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Canonical Introducing HA MicroK8s

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  • Introducing HA MicroK8s, the ultra-reliable, minimal Kubernetes | Ubuntu

    Canonical today announced autonomous high availability (HA) clustering in MicroK8s, the lightweight Kubernetes. Already popular for IoT and developer workstations, MicroK8s now gains resilience for production workloads in cloud and server deployments.

    High availability is enabled automatically once three or more nodes are clustered, and the data store migrates automatically between nodes to maintain quorum in the event of a failure. “The autonomous HA MicroK8s delivers a zero-ops experience that is perfect for distributed micro clouds and busy administrators”, says Alex Chalkias, Product Manager at Canonical.

    Designed as a minimal conformant Kubernetes, MicroK8s installs and clusters with a single command.

  • Canonical introduces high-availability Micro-Kubernetes | ZDNet

    If you've been hiding under a rock -- and who could blame you these days? -- you may have missed how totally Kubernetes now dominates container orchestration. One way to quickly get up to speed on Kubernetes is with Canonical's  MicroK8s. This is an easy-to-run and install mini-version of Kubernetes. And now Canonical has added autonomous high availability (HA) clustering to it. 

    Seriously.

  • Canonical Announces HA MicroK8s

    MicroK8s, already popular for IoT and developer workstations, now gains resilience for production workloads in cloud and server deployments. Canonical has announced autonomous high availability (HA) clustering in MicroK8s, the lightweight Kubernetes.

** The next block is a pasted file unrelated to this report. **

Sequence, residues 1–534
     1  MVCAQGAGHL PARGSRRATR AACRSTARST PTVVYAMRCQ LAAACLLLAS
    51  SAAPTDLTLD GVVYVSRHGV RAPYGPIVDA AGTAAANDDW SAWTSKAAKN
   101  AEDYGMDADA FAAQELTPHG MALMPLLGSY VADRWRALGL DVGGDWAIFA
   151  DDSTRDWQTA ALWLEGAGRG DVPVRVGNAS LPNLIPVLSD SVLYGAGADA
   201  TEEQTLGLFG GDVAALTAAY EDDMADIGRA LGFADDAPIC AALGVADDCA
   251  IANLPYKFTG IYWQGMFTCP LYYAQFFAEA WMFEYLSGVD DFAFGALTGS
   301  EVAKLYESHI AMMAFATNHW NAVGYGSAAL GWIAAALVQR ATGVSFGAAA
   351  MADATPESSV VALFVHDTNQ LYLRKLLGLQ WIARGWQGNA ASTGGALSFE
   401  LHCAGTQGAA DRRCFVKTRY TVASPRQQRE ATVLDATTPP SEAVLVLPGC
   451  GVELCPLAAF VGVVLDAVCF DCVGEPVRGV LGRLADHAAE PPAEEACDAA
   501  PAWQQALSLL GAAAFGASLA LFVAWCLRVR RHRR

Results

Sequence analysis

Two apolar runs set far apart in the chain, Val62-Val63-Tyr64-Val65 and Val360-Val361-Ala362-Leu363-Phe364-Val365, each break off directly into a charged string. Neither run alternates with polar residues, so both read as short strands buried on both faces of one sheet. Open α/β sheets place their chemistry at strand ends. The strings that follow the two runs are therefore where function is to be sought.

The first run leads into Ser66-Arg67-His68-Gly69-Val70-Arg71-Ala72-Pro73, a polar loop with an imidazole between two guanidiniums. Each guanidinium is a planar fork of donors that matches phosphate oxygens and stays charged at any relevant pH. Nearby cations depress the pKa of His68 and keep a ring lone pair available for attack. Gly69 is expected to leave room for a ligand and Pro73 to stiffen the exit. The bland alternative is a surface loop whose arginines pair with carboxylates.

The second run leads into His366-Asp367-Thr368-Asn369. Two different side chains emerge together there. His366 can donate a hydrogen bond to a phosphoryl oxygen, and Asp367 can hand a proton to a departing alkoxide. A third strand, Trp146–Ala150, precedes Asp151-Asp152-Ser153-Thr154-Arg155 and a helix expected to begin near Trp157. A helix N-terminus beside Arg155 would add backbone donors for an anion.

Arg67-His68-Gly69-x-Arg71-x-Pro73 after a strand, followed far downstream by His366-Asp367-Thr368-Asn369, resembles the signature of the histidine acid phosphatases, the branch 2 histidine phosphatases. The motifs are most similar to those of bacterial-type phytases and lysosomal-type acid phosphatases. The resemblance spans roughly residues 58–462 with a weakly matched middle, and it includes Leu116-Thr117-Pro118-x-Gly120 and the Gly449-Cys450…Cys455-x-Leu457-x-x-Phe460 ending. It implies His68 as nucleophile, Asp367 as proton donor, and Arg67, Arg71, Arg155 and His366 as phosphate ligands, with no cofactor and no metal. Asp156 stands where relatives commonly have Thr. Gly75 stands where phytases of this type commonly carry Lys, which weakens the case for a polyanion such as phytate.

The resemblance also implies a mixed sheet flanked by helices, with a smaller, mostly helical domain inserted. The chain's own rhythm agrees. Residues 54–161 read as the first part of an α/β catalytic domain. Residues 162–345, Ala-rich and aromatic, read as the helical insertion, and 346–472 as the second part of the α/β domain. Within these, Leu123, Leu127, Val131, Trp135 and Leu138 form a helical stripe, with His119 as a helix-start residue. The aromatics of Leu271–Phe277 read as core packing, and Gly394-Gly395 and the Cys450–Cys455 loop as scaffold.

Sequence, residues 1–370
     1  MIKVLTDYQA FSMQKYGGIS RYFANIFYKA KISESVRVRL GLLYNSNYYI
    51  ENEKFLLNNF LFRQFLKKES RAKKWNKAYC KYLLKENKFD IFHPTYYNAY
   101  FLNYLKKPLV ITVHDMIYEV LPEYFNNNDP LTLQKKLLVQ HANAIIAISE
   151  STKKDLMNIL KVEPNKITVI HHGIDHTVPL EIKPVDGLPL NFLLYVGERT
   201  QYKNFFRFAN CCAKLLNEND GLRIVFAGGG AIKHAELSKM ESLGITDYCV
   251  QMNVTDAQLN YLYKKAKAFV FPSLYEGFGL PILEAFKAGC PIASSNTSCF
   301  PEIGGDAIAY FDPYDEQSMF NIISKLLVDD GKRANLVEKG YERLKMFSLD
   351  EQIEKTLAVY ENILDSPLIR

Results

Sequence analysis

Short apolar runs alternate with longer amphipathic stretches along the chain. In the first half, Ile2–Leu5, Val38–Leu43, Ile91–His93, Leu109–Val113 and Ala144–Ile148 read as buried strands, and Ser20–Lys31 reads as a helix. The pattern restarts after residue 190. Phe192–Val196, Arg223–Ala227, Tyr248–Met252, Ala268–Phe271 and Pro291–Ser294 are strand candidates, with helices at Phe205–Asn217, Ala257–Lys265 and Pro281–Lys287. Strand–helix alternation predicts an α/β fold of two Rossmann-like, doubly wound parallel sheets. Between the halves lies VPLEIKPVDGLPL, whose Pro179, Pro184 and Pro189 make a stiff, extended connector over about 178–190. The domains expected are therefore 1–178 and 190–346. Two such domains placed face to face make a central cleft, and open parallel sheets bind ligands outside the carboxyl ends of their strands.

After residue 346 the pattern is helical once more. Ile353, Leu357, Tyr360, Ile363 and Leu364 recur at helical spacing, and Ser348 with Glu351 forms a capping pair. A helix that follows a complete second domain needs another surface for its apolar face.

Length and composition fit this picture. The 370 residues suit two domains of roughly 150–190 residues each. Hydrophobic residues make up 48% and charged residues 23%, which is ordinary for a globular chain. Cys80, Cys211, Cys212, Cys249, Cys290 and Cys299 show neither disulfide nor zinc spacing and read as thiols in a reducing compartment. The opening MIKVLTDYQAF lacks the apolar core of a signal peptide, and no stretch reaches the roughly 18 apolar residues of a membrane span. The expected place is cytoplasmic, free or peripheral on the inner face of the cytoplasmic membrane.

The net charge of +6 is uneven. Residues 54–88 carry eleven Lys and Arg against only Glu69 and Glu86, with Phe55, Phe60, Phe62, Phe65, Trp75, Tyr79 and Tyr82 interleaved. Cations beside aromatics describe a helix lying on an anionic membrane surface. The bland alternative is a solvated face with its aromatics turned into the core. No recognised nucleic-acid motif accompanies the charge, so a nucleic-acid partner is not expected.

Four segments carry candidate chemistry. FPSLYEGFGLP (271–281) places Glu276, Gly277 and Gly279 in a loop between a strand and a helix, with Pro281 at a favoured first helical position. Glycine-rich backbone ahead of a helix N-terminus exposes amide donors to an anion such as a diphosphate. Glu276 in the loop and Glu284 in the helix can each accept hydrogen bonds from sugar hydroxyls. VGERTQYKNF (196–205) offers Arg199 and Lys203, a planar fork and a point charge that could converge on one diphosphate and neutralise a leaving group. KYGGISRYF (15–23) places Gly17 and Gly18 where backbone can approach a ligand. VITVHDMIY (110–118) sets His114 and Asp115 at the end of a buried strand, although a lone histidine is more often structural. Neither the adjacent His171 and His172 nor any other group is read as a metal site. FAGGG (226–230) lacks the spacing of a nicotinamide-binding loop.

Lightweight Kubernetes Pushes Orchestrator to the Edge

  • Lightweight Kubernetes Pushes Orchestrator to the Edge

    Kubernetes, the evolving cluster orchestrator, has gone on a diet, stepping off the scales as a lightweight, resilient clustering tool that switches to autopilot once three or more nodes are clustered.

    The slimmed-down version dubbed MicroK8s automatically migrates stored data between nodes to maintain a “quorum” in the event of a production failure, Canonical said this week in unveiling the micro-version of Kubernetes. The Ubuntu OS publisher aims MicroK8 at production workloads increasingly running in cloud and server deployments.

    Given the complexities of deploying Kubernetes in production, Canonical is stressing its lightweight version as a “zero-ops” alternative for maintaining cloud-based microservices and micro datacenters used for edge computing applications.

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